I have never been one of those who saw Barack Obama with blinders on, projecting all my best liberal hopes upon him. However, that said, I will say that just days from his inaugural, it is heartbreaking to my liberal soul to see Obama become so deeply embedded into the Beltway Bubble crowd that he can validate all the logical fallacies that have had so many of us beating our head against the wall for the last eight years.
For example, in a discussion of the War on Terror and what measures must be taken to "keep the country safe," Obama tells host George Stephanopoulos that he appreciates Cheney's advice to not judge the Bush administration's action without the full knowledge of what has taken place, a strange challenge from the most malevolently secretive executive this country has seen, though one not completely ignored by Obama:
"I think that was pretty good advice, which is I should know what’s going on before we make judgments and that we shouldn’t be making judgments on the basis of incomplete information or campaign rhetoric," Obama said. "So, I’ve got no problem with that particular quote. I think if Vice President Cheney were here, he and I would have some significant disagreements on some things that we know happened."
Now, I wish I could be as post-partisan as Obama, because my inclination is to retort back that taking Cheney's advice on how to keep the country safe would be a little like taking Bernie Madoff's advice on my 401k. Maybe that's why public office isn't really my forte. More troubling though is Obama's hedging on items that the country has said definitively they want him to work on--like closing Gitmo.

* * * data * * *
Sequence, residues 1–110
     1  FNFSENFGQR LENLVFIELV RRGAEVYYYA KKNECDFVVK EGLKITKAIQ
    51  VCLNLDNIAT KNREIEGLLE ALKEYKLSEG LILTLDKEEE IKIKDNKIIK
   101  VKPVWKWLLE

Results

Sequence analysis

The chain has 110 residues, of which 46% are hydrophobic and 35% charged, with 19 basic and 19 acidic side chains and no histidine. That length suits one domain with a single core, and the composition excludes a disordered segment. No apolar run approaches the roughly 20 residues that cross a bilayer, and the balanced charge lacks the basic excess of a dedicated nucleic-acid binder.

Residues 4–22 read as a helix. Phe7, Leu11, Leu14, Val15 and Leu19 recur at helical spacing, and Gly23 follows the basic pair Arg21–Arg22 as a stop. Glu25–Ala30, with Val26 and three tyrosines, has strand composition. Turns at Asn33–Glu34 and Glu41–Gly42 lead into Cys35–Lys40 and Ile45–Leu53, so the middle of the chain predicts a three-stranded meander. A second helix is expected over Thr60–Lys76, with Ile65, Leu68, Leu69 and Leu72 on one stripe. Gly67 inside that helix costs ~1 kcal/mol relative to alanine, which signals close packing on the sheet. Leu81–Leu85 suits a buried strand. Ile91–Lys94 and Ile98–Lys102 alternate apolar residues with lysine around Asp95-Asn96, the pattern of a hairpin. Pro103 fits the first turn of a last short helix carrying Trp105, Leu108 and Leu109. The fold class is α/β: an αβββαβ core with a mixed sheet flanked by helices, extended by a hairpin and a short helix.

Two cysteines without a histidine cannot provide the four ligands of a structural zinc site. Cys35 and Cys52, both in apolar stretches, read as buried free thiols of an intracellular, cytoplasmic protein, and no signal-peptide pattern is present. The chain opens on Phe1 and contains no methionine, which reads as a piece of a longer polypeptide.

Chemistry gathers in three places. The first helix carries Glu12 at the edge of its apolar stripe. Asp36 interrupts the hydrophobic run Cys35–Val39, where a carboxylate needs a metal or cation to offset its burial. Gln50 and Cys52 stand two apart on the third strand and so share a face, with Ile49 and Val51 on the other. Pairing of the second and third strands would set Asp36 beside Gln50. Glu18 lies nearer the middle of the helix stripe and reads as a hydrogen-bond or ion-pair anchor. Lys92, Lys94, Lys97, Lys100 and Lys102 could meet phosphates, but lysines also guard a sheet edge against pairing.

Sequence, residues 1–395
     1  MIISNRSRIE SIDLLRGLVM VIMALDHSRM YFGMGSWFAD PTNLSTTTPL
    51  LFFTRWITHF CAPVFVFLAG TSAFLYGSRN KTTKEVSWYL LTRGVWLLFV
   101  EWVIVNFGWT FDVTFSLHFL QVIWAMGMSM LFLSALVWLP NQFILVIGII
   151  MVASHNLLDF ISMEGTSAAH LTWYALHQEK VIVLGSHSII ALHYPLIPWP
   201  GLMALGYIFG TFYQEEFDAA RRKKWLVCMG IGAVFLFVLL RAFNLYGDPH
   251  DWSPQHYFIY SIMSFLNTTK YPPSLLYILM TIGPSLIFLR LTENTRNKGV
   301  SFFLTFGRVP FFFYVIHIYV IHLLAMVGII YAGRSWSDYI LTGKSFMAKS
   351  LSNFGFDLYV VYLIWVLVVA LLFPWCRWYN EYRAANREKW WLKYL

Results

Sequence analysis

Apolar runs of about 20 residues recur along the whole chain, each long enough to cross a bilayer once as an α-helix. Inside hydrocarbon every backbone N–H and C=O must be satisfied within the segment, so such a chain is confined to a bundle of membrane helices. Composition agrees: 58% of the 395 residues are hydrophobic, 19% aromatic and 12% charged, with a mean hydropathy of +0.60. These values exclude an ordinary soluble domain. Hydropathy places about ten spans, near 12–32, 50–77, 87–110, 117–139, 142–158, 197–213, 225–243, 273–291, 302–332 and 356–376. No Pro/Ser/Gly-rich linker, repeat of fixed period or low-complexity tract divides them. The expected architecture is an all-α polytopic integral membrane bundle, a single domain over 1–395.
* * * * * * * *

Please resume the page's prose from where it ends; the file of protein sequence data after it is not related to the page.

"It is more difficult than I think a lot of people realize," [..].
"We are going to get it done but part of the challenge that you have is that you have a bunch of folks that have been detained, many of whom may be very dangerous, who have not been put on trial or have not gone through some adjudication. And some of the evidence against them may be tainted even though it’s true," Obama said.
"And so how to balance creating a process that adheres to rule of law, habeas corpus, basic principles of Anglo-American legal system, by doing it in a way that doesn’t result in releasing people who are intent on blowing us up. That’s a challenge."
Really? Intent on blowing us up? Let me explain something: if you held me for over five years without charge or basic judicial rights, I'd want to blow you up too. Hell, I'd like it if you stop trying to feed me through my nose. It's not that complicated. If they're dangerous, try them. By holding them without charges or trials, WE'RE ACTUALLY MAKING US LESS SAFE, because we are confirming every bad thing the global community thinks about how the US considers itself above the law.
And finally, Stephanopoulos brings up Bob Fertik's (of Democrats.com and Change.org) campaign to get the Obama administration to commit to investigating the Bush administration for their abuse of office. While not a definitive "no" like Pelosi, et al., Obama is clearly hedging his bets:
We’re still evaluating how we’re going to approach the whole issue of interrogations, detentions, and so forth…And obviously we’re going to be looking at past practices. I don’t believe that anybody is above the law.
I realize there's a danger in saying too much before the inauguration (and while Bush can still issue pardons), but I find it disheartening that the "Change We Can Believe In" does not include accountability. The whole notion that we shouldn't look back is ridiculous, even when Reid and Pelosi used it. Our whole notion of criminal justice is all about looking back. Unless of course, we've developed some sort of "Minority Report"-like ability to charge people with crimes before they commit them.